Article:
What is CAFC assay???

Discussion of all aspects of cellular structure, physiology and communication.

Moderators: honeev, Leonid, amiradm, BioTeam

Post Reply
User avatar
[email protected]
Garter
Garter
Posts: 6
Joined: Sun Aug 07, 2005 9:52 am

What is CAFC assay???

Post by [email protected] » Sun Aug 07, 2005 9:54 am

Does anyone know what is CAFC (cobblestone area forming cell) assay? What is it ususally used for?

User avatar
ginny
Garter
Garter
Posts: 19
Joined: Wed Jul 13, 2005 7:39 pm
Location: Los Angeles
Contact:

hope i helped you !!!!!!!!!!!!!!!!!

Post by ginny » Tue Aug 09, 2005 6:40 pm

Cobblestone Area-Forming Cells in Human Cord Blood Are Heterogeneous and Differ from Long-Term Culture-Initiating Cells.

Formed in normal bone marrow stroma.

The characterization and quantitation of primitive human hematopoietic cells is essential for understanding the developmental sequence of hematopoiesis, stem cell manipulation, and transplantation. Assay of primitive hematopoietic cells is difficult because of their rarity and expression of surface markers such as CD38 and Thy-1 [1], with different subsets representing stages of differentiation. The most primitive hematopoietic cells can ultimately only be recognized by their ability to repopulate marrow of a myeloablated recipient of the same species. However, a physiological in vitro approach is to measure long-term culture-initiating cells (LTC-IC) [2] in a modified Dexter culture system [3] using the fact that after 5 or more weeks of culture, LTC-IC will produce de novo colony-forming cells (CFC).

Alternatively, the cobblestone area-forming cell (CAFC) readout exploits a visual end point for the assay, eliminating trypsinization and the CFC assay. Wells are scored as being positive or negative for the presence of cobblestone areas (CA, tightly knit group of phase-dark, angular cells in the stroma) and can be scored at more than one time point, e.g., after 5 and 8 weeks. In the murine model, CAFCs seen between days 28–45 of long-term culture are directly related to bone marrow repopulating ability [4].

Both LTC-IC and CAFC frequencies have been reported in the study of stem cell storage [5], expansion [6, 7], or mobilization [8]. In the clinical setting these assays have been used to assess stem cell defects (e.g., in aplastic anemia [9] and Diamond Blackfan anemia [10]) and to investigate bone marrow reserve after stem cell transplantation [11, 12] or in patients with autoimmune cytopenias [13].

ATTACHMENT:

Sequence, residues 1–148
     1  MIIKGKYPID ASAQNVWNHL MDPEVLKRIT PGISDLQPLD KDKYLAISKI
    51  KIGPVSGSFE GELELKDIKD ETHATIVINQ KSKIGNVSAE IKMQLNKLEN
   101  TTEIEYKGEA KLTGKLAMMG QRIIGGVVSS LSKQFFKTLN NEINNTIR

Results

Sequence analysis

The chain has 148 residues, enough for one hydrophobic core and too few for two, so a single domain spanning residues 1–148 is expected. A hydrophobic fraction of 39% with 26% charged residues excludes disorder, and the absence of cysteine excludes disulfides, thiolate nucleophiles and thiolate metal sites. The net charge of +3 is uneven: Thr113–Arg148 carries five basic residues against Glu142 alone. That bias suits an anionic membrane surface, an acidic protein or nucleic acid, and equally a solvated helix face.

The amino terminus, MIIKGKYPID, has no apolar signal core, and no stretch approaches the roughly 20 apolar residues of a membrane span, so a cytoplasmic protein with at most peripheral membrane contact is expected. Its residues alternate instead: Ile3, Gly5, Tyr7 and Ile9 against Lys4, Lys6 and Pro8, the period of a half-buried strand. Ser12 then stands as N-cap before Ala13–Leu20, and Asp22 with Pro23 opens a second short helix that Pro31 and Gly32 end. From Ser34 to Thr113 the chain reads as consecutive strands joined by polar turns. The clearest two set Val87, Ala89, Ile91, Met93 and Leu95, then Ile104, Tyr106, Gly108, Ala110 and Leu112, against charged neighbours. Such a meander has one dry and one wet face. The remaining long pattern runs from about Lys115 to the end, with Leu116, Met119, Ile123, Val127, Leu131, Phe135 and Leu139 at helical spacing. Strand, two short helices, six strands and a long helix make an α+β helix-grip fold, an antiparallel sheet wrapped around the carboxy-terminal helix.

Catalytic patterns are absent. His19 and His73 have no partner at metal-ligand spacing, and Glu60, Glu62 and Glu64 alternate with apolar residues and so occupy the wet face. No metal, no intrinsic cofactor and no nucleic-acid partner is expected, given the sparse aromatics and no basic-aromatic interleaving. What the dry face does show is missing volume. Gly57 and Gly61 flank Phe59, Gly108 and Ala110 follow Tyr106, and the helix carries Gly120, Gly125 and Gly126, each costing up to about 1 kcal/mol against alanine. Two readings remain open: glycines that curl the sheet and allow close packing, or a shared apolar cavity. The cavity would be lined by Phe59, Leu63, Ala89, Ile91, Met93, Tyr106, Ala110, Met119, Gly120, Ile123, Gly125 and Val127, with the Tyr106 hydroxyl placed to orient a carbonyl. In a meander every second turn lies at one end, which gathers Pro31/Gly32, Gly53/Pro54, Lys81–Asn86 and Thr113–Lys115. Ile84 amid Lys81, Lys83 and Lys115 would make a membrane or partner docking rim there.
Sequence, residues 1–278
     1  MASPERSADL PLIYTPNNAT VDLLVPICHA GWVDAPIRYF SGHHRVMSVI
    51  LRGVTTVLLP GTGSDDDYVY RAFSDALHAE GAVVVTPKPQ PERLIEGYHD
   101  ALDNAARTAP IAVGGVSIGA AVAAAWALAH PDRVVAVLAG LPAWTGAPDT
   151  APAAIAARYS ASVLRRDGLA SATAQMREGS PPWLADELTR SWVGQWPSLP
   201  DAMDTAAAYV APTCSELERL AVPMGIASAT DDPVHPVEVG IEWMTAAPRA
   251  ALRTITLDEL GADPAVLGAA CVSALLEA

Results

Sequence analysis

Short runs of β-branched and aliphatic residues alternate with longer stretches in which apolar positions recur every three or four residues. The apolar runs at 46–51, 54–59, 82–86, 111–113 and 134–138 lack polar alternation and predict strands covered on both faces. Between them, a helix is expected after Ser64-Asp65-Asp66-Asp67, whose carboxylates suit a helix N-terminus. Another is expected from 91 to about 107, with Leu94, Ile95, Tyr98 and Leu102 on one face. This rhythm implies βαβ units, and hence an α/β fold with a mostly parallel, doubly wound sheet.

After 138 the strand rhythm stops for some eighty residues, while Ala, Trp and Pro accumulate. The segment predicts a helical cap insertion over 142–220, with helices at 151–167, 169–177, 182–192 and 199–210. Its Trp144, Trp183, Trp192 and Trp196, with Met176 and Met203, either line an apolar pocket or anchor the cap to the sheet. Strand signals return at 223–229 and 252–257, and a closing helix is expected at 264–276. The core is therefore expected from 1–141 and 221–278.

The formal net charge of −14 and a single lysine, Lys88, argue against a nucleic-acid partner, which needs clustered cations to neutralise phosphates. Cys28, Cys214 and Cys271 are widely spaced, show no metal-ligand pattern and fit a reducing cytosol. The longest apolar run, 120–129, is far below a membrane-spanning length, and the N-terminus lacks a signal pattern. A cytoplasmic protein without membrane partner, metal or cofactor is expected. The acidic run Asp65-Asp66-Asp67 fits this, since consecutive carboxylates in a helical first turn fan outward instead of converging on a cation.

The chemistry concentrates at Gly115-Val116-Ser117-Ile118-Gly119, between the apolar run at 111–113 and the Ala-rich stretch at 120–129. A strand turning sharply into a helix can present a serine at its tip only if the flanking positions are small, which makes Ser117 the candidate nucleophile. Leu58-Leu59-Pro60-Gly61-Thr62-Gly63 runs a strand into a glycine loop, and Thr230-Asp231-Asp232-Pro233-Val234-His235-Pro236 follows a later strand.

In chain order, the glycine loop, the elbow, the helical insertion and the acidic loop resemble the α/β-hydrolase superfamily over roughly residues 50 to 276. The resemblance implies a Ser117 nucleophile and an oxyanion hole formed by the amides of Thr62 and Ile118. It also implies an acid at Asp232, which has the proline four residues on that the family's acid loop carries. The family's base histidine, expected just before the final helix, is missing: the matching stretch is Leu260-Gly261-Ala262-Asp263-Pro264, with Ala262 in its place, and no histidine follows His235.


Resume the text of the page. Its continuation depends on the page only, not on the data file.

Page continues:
In the present work, we set out to measure the number of primitive cells in cord blood (CB) that had been processed for clinical banking. We chose limiting dilution on cryopreserved human bone marrow stroma feeder layers [14] with the visual CAFC readout. It soon became apparent that further validation of the assay was required. We have therefore compared the frequency of CAFC with LTC-IC in CD34-enriched and CD34-depleted fractions of CB.


byeeeeeeeeeeeeeeeeeeeeeeeeeeeeeeeeeeeeeee :roll:
I would like to become a pediactirc doctor. I also want to get into med-school. I attend UCLA.

User avatar
[email protected]
Garter
Garter
Posts: 6
Joined: Sun Aug 07, 2005 9:52 am

Thanks!!

Post by [email protected] » Thu Aug 11, 2005 12:51 pm

Thanks for ur useful information!! I am currently doing my degree on Biological Sciences!! And our lecturer loves to give us extra assignments based on the recent pulished scientific articles!! :cry:

peasnquiet
Garter
Garter
Posts: 1
Joined: Thu Sep 08, 2005 8:57 pm

Post by peasnquiet » Thu Sep 08, 2005 8:59 pm

Oh crud.

Huh. Same school. And when I typed in CAFC assay on google, guess what was the first search result that came up?

*rolls eyes*

app1eg
Garter
Garter
Posts: 1
Joined: Thu Aug 25, 2005 5:12 pm

Post by app1eg » Fri Sep 09, 2005 1:25 am

lol
im from sbs in ntu too..
gawd.. the world is just so small.

Post Reply

Who is online

Users browsing this forum: No registered users and 10 guests